Humanism in Perspective: Trust

We’re excited to announce that the Director for the Center for Humanism at New Jersey Medical School, Dorian Wilson, MD, will be starting a new column here at The Human Fabric. Introducing the first installment of Humanism in Perspective:

Humanism is a relatively new buzz word in the popular medical lexicon. And while to this word we may ascribe any one of a significant number of meanings, I believe that one of the themes that are central to this concept is that of trust.

Why trust? Well, inasmuch as Humanism is about respecting individuals for whom and what they are and letting them find comfort in being themselves, this practice is not possible in an atmosphere where trust is not present. Dale Carnegie was among the many who have taught us that the most important person in our interactions with others is oneself. I am not speaking here about chauvinism, egotism or disregard for others. I am talking about the natural and innate tendency for each one of us to primarily be in touch with one’s own feelings, desires and needs. As humanists, recognizing this reality, the goal is to create an environment where individuals (in this case patients), don’t feel vulnerable in revealing, in a sense, their essence. Allowing that revelation humanistically adds to the nurturing dimension of the clinical encounter of which trust is an essential part.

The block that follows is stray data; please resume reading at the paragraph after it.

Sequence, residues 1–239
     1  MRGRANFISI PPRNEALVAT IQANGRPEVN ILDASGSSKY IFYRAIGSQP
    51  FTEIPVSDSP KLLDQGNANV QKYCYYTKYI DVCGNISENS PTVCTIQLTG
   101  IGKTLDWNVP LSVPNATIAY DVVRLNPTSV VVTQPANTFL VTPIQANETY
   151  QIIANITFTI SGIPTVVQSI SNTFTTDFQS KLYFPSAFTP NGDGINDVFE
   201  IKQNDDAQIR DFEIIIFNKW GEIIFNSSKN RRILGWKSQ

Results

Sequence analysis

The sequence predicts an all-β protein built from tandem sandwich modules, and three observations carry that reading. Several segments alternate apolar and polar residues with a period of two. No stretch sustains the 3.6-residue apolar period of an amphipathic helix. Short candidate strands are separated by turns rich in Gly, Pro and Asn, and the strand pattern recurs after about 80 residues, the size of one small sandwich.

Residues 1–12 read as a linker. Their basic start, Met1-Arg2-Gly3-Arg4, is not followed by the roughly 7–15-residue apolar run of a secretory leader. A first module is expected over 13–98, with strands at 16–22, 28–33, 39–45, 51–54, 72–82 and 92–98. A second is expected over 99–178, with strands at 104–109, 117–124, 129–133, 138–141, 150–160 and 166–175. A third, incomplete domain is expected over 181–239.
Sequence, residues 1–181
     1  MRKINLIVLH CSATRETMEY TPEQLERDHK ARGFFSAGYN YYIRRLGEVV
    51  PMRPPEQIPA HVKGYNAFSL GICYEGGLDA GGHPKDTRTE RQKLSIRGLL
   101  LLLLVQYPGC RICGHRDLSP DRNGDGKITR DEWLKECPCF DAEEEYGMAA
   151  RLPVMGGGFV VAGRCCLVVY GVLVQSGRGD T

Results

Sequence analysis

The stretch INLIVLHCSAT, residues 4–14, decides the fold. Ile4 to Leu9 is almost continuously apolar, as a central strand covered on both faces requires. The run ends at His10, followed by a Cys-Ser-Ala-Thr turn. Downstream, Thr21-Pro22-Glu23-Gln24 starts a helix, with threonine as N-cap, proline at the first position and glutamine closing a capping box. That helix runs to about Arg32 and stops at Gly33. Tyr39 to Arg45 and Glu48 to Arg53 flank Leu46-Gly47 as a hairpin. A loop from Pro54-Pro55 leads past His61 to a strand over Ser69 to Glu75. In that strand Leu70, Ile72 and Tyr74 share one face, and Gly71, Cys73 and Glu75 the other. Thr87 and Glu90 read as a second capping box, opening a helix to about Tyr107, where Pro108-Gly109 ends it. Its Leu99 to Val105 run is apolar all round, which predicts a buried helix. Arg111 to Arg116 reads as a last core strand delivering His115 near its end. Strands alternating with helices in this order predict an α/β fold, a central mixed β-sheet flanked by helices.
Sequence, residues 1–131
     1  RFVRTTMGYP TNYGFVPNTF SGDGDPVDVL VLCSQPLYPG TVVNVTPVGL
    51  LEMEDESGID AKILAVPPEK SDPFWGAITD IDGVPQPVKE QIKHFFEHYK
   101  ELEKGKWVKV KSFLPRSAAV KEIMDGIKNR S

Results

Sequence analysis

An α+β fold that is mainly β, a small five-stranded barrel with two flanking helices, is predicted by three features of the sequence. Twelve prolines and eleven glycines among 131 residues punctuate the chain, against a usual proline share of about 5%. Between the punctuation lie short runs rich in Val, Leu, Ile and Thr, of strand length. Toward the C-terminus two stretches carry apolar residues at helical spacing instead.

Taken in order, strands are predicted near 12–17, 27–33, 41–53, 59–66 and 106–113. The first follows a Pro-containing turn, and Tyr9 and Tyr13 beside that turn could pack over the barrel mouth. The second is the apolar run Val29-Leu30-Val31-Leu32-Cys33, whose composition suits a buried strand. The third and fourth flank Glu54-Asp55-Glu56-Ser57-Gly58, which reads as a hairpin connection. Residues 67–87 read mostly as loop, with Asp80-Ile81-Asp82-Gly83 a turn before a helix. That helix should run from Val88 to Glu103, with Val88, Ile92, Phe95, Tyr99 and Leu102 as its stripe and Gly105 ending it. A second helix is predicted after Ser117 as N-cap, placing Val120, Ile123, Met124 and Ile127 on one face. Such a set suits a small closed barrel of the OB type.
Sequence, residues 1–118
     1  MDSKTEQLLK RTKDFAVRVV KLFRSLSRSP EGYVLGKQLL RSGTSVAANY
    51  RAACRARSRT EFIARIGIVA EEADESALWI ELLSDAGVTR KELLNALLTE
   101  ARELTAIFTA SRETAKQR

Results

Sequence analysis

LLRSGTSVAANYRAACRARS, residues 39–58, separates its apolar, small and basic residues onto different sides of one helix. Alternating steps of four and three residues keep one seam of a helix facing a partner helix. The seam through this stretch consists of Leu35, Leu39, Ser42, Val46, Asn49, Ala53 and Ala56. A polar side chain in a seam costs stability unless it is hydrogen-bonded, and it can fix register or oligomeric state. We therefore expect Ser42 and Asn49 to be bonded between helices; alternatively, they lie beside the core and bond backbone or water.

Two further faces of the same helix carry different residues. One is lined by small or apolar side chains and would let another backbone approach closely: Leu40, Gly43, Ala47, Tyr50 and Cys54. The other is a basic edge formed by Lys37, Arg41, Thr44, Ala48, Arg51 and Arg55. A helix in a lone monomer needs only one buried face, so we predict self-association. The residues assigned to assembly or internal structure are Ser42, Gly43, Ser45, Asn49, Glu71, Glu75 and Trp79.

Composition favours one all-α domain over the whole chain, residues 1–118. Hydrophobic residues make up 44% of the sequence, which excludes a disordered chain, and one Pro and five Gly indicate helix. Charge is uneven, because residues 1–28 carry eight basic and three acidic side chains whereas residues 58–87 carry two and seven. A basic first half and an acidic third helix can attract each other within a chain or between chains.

Dorian J. Wilson, M. D.
Director
Healthcare Foundation Center for Humanism and Medicine
UMDNJ – New Jersey Medical School

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